As many telecommunications and data centers have discovered since 1940 . Zinc whiskers are a hidden destroyer their cables and severely affected their data centers. Zinc whiskers are tiny fragments of metal whiskers that slowly grow.
A raw steel product will oxidize or rust very quickly when exposed to air. Even in a climate controlled atmosphere such as a data center, raw steel will oxidize within months. A thin coating of zinc may prevent this oxidation for years. In a typical indoor environment, zinc electroplated parts should last the service life of the building wherein they are used.
Given its anti-corrosion effectiveness and low cost prior to environmental regulation, the zinc electroplated finish has become the most common treatment for steel products in the construction industry, including communications and electrical cabling support systems such as cable tray.
One typical process for zinc whisker induced failure of electronic systems involves the (unwitting) detachment of copious numbers of whiskers by human activity.
In the case of a cable tray, the frequent movement of cables being installed or removed from the tray will easily dislodge the tiny metal filaments.
This creates an invisible fine metal dust that can become airborne in the high volume of air movement in a data center or even in a plenum ceiling space.
These whiskers are too small to be filtered by anything other than high efficiency particulate air (HEPA) filtration systems. Without such a system, the whiskers quickly find their way inside electronics enclosures. As loose conductive debris, the metal whiskers can bridge a pair of electrical conductors at differing electrical potentials and induce a variety of electrical shorting events, ranging from permanent and/or intermittent resistive shorts to extremely destructive metal vapor arcs that can cause either intermittent or complete system failure.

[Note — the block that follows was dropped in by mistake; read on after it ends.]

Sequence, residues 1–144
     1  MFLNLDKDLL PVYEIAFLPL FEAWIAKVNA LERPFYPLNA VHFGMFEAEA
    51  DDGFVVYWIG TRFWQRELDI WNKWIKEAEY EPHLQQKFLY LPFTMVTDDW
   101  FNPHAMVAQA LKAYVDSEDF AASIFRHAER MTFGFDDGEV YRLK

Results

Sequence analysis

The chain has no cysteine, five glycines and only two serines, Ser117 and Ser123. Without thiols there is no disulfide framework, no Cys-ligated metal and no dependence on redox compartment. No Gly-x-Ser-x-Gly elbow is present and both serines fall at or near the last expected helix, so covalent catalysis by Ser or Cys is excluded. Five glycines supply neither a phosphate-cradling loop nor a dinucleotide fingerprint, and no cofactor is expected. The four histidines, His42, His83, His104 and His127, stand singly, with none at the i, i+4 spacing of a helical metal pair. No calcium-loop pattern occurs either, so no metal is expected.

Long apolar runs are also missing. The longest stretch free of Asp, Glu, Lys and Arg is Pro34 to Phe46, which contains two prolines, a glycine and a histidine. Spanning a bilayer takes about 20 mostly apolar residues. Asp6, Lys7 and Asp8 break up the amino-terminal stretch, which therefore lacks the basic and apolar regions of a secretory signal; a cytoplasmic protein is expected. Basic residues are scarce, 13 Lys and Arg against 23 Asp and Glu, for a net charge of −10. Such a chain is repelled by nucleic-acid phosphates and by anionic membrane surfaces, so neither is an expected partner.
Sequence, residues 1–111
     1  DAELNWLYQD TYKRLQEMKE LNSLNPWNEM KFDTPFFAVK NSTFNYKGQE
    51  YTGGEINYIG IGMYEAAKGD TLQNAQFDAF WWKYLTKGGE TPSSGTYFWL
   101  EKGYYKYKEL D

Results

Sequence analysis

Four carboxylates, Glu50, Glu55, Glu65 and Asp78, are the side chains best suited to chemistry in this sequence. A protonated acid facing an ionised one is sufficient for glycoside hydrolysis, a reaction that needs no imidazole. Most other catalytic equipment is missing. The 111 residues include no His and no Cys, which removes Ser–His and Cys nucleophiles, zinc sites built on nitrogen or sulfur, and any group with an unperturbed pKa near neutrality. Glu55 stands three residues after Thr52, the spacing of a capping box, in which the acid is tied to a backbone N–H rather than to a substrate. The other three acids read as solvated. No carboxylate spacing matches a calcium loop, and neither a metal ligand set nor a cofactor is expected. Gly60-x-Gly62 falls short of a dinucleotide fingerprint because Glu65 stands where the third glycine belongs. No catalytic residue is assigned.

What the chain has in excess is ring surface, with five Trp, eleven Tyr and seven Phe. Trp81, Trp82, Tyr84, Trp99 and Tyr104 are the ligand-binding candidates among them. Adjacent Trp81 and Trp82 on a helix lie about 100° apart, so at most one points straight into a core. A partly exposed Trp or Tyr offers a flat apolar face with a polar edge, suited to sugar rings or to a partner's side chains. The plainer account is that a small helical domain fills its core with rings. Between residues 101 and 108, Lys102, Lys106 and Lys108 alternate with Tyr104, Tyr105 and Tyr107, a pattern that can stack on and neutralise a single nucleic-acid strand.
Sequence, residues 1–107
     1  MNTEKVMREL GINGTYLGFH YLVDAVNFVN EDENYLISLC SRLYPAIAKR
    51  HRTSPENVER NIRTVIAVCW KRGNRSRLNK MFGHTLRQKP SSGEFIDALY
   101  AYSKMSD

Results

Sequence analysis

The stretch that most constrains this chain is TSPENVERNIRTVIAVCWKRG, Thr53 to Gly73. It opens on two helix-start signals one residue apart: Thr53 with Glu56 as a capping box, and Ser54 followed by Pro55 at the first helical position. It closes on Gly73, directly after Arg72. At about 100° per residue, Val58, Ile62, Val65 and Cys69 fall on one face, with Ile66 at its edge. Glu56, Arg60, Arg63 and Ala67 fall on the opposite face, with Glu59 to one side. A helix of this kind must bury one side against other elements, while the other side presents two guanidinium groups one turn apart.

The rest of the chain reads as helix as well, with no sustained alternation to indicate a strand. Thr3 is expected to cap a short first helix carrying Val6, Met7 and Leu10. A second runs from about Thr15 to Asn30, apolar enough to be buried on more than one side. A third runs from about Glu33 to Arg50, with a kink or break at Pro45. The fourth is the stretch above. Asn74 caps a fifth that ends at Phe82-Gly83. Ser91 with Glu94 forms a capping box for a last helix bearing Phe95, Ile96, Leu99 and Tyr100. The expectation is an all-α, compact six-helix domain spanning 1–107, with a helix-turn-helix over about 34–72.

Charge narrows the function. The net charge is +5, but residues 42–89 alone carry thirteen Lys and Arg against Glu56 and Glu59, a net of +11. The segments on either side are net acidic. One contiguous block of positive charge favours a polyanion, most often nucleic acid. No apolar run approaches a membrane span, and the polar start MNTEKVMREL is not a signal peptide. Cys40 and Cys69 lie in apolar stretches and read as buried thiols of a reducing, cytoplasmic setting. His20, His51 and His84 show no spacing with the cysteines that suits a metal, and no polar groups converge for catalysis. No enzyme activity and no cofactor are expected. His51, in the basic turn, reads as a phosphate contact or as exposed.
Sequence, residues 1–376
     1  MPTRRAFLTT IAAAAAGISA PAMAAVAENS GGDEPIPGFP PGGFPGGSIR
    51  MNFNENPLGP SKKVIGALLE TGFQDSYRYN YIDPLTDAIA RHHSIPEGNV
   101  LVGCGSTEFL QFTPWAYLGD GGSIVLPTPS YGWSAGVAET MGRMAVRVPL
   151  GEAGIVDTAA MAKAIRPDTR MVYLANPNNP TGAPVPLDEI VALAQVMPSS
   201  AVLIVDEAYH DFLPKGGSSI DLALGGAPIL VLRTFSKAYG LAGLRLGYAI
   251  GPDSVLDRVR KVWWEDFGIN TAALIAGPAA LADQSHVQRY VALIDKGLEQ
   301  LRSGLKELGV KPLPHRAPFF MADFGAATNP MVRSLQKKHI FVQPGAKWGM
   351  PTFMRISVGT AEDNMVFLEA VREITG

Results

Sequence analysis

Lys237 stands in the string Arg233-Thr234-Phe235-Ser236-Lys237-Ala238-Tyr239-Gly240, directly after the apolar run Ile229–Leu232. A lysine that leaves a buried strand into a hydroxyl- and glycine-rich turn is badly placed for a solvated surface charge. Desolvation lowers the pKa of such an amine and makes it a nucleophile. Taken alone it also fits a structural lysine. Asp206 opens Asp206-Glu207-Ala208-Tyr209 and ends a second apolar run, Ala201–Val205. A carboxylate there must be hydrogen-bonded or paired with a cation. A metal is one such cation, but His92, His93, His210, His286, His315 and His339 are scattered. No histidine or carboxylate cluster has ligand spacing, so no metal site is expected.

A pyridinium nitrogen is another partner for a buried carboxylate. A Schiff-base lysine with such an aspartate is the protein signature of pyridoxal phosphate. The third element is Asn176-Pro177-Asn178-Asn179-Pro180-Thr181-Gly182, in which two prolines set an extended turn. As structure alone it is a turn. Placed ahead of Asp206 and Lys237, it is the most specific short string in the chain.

Virtually all manufacturers of cable tray systems, whether steel wire basket, aluminum or steel ladder type, offer epoxy powder coat corrosion protection for their products. Often, however, these powder coated finishes are applied after zinc electroplating.
Some NASA research has shown that zinc whiskers can grow through a polyurethane adhesive coating if the coating is not sufficiently thick . It is unclear whether this will also happen with epoxy powder coatings.
It appears that the ideal finish would be an epoxy powder coating over bare carbon steel using stainless steel for electrical bonding. Due to EPA regulation on US domestic electroplating shops, from a manufacturing standpoint, the powder coat process is the same or lower cost as electroplating.
Epoxy powder coat finishes have been shown to be as or more durable than zinc electroplating from a corrosion standpoint while eliminating the toxic waste that is a byproduct of the electroplating process .
A powder coated tray with electroplated bonding points has a good balance of risk mitigation versus cost. The vast majority of zinc electroplated material is eliminated (or encapsulated with powder coat) with no cost penalty.
For greater assurance, a powder coated tray with stainless steel bonding points should virtually eliminate whisker related risk. However, there is some added cost estimated at 10 to 20 percent due to the small amount of more expensive stainless steel versus carbon steel.
In the most sensitive or mission critical environments, the small additional expense of stainless steel for exposed bonding points makes sense.
Considerably more expensive options like using entirely aluminum and/or stainless steel trays are also available but do not appear to provide additional benefit versus powder coating and stainless steel bonding hardware. However, given the nearly 70 years of research and data we have on the risks associated with zinc whiskers, there is very little excuse for continuing to ignore the problem.